This Court has explained that in a summary judgment hearing, the burden of producing evidence in support of, or in opposition to, the motion is a function of Mississippi rules regarding the burden of proof at trial on the issues in question. The movant bears the burden of persuading the trial judge that: (1) no genuine issue of material fact exists, and (2) on the basis of the facts established, he is entitled to [a] judgment as a matter of law. The movant bears the burden of production if, at trial, he would bear the burden of proof on the issue raised. In other words, the movant only bears the burden of production where [the movant] would bear the burden of proof at trial. Furthermore, summary judgment is appropriate when the non-moving
party has failed to make a showing sufficient to establish the existence of an element essential to the party's case, and on which that party will bear the burden of proof at trial.
Id. at 88-89 (¶ ¶ 10-11) (internal quotation marks and citations omitted).
[¶10] The court succinctly clarified this standard in a manner in which we can relate to the parties here:
[W]hile [Imperial Palace] carr[ies] the initial burden of persuading the trial judge that no issue of material fact exists and that [it is] entitled to summary judgment based upon the established facts, [Jones] carries the burden of producing sufficient evidence of the essential elements of [his] claim at the summary-judgment stage, as [he] would carry the burden of production at trial. Conversely, because [Imperial Palace does] not carry any burden of production at trial, [it] also do[es] not carry any burden of production at the summary-judgment stage.
Id. at 89 (¶ 13). In this appeal, we will consider whether Jones produced sufficient evidence of the essential elements of his premises-liability claim.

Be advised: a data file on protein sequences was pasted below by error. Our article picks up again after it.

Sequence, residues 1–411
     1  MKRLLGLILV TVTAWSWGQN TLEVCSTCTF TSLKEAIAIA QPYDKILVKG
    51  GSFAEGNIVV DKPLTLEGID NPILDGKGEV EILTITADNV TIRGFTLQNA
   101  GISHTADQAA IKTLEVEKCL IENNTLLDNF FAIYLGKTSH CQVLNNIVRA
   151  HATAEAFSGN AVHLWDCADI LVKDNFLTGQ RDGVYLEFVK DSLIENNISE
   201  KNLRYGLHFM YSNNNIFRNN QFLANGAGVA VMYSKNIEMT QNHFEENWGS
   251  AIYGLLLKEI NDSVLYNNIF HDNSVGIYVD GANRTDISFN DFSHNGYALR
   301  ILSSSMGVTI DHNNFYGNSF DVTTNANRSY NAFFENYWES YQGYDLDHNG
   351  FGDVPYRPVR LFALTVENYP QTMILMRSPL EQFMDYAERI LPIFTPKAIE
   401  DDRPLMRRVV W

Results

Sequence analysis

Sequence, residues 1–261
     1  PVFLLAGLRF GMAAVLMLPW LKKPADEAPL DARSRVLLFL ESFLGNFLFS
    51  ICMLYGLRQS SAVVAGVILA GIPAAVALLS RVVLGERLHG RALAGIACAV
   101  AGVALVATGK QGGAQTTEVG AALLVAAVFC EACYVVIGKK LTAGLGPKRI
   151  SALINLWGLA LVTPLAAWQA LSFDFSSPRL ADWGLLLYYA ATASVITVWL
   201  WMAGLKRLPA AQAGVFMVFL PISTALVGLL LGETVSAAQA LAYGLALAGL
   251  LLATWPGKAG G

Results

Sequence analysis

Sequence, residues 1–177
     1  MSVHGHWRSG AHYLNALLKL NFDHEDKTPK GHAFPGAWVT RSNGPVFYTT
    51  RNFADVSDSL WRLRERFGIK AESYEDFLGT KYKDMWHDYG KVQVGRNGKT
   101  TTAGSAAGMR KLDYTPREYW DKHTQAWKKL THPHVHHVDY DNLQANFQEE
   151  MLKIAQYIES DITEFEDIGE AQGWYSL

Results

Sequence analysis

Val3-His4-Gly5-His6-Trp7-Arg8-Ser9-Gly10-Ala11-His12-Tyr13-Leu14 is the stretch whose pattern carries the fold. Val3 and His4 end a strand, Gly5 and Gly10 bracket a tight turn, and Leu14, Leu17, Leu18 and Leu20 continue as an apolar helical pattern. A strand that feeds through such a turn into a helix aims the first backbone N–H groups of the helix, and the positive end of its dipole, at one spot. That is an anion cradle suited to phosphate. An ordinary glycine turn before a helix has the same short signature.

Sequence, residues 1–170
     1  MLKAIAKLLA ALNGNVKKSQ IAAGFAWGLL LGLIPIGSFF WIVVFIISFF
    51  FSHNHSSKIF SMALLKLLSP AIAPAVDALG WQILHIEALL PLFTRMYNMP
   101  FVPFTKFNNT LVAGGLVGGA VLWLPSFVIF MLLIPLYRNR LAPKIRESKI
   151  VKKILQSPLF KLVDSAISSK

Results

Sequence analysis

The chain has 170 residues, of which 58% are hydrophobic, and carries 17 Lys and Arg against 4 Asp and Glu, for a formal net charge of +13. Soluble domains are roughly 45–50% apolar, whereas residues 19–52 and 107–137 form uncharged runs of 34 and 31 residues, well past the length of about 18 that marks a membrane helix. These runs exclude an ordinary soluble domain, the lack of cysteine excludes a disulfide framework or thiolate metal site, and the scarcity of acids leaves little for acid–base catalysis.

III. Premises Liability
[¶11] In Mississippi, a premises-liability claim is reviewed in three steps. Haggard v. Wal-Mart Stores, Inc., 75 So.3d 1120, 1124 (¶ 9) (Miss. Ct.App. 2011). First, the court " must determine whether the injured party was an invitee, licensee, or a trespasser at the time of the injury." Id. Second, the court " must determine what duty was owed to the injured party by the business owner/operator." Id. Third, the court " must determine whether that duty was breached." Id.
A. Whether Jones was an invitee.
[¶12] An invitee is a person who enters the premises of another in response to an " express or implied invitation of the owner or occupant for their mutual advantage." Leffler v. Sharp, 891 So.2d 152, 156 (¶ 11) (Miss. 2004). Jones was a business invitee of Imperial Palace.
[¶13] The premises owner " owes a duty to an invitee to exercise reasonable care to keep the premises in a reasonably safe condition . . . ." Jerry Lee's Grocery, Inc. v. Thompson, 528 So.2d 293, 295 (Miss. 1988). However, the operator of a business " is not an insurer against all injuries." Munford, Inc. v. Fleming, 597 So.2d 1282, 1284 (Miss. 1992). " Proof merely of the occurrence of a fall on a floor within a business is insufficient to show negligence on the part of the proprietor . . . ." Sears, Roebuck & Co. v. Tisdale, 185 So.2d 916, 917 (Miss. 1966).
[¶14] To prevail on his premises-liability claim, Jones must prove by a preponderance of the evidence one of the following: (1) Imperial Palace's own negligence created a dangerous condition that caused Jones's injury; (2) Imperial Palace had actual knowledge of a hazardous condition that it did not cause, but failed to adequately warn Jones of the danger he faced as an invitee; or (3) based upon the passage of time, Imperial Palace should have known of the dangerous condition caused by another party, i.e., ...